The study took place in a single middle school in the northeastern United States.
All students in the study had learning problems: 18 of the 22 students were identified by the school as having a learning disability, 1 had a severe emotional disorder, and 3 were at risk for mathematics failure. Participant selection was based on the following criteria: (1) teacher identification of students experiencing substantial problems in mathematics word problem solving and (2) a score of 70% or lower on the pretest, which involved multiplication and division word problem solving.
The schema-based instruction intervention condition included several components. First, students received instruction in recognizing the differences between multiplicative compare and proportion problems. Students were taught to identify the problem type, and use a schematic diagram to represent the problem. Then, students transformed the diagram to a math sentence and solve the problem. The instruction focused on two types of word problems: multiplicative compare problems and proportion problems. Sessions focused first on one type of problem, then on the other, and then the two types were mixed. Students first learned to identify problem types/structures and represent the problem using a schematic diagram, then learned to solve for an unknown quantity in word problems. For each problem type, teachers emphasized the salient features of that problem schema, and students received a prompt sheet that described these features and four strategy steps: (1) reading to understand, (2) identifying the problem and representing it using a schema diagram, (3) transforming the diagram into a math sentence and solving the problem, and (4) checking. Students received instruction in 1-hour sessions, 3-4 times a week, for a total of 12 sessions. The first four sessions focused on multiplicative compare problems, the next four on proportion problems, and the final four on both types.
Students in the comparison group received general strategy instruction. They received the same amount of instruction from the same teachers as the intervention group. Instruction for both groups included explicit instruction, followed by teacher-guided practice and independent student work, with corrective feedback and additional modeling as needed during practice sessions. Both groups were taught a four-step general problem solving procedure of (1) reading to understand, (2) representing the problem, (3) solving the problem, and (4) checking. However, steps 2 and 3 differed for the two conditions. While students in the intervention group were taught in step 2 to identify the problem type and use the schema diagram to represent it, those in the comparison group were taught to use other methods, such as drawing a semi-concrete picture, to represent the problem.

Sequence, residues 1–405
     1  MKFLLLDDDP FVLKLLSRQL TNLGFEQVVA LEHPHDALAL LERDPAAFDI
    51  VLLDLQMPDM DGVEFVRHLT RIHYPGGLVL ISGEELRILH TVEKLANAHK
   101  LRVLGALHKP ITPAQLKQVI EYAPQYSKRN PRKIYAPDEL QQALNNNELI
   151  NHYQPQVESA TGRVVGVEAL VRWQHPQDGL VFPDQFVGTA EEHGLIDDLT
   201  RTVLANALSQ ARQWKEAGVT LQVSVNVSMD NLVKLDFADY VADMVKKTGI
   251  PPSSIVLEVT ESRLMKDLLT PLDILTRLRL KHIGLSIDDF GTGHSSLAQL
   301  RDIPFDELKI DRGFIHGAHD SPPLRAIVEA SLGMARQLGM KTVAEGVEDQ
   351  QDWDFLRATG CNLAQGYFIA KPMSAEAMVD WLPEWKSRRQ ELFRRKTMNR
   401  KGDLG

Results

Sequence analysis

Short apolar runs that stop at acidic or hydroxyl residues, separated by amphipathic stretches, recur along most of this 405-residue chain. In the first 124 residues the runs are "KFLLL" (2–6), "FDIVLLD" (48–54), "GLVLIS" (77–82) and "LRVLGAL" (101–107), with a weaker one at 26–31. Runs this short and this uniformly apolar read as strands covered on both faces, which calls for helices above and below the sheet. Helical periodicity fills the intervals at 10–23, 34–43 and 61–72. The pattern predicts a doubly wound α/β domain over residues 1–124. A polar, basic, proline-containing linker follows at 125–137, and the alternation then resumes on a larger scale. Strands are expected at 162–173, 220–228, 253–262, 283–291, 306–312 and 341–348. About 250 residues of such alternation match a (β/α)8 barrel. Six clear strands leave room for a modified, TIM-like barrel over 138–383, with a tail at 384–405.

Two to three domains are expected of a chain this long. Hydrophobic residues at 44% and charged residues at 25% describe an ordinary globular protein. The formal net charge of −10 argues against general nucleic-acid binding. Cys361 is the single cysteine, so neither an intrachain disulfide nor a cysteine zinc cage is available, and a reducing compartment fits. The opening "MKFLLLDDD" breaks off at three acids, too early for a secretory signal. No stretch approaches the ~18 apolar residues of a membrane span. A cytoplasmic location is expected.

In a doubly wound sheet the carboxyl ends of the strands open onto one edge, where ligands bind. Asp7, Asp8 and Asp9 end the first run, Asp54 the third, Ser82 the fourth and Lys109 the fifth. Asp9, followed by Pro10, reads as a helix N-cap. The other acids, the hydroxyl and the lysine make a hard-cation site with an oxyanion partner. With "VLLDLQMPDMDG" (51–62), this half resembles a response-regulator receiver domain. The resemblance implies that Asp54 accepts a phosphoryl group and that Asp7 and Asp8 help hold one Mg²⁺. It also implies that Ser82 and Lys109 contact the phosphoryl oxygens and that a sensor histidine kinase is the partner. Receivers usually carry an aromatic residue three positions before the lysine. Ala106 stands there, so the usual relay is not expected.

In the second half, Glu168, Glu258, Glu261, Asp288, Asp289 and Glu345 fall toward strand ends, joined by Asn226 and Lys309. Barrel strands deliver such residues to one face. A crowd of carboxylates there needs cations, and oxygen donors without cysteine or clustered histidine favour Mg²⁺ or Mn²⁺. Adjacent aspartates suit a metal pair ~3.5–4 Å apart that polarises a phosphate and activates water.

Support for implementation
The first author developed teaching scripts for both conditions and piloted them prior to using them in the study. Instructors received two 1-hour training sessions to familiarize them with lesson formats, the suggested teacher wording, and lesson materials when implementing the two instructional approaches. A checklist of critical instruction steps was developed to assess adherence to instruction strategy. Fidelity of implementation was assessed by a doctoral student for about 30% of lessons. The researchers provided feedback to instructors on fidelity whenever it fell below 85%. Overall fidelity was 100% for the comparison group and 94% for the intervention group.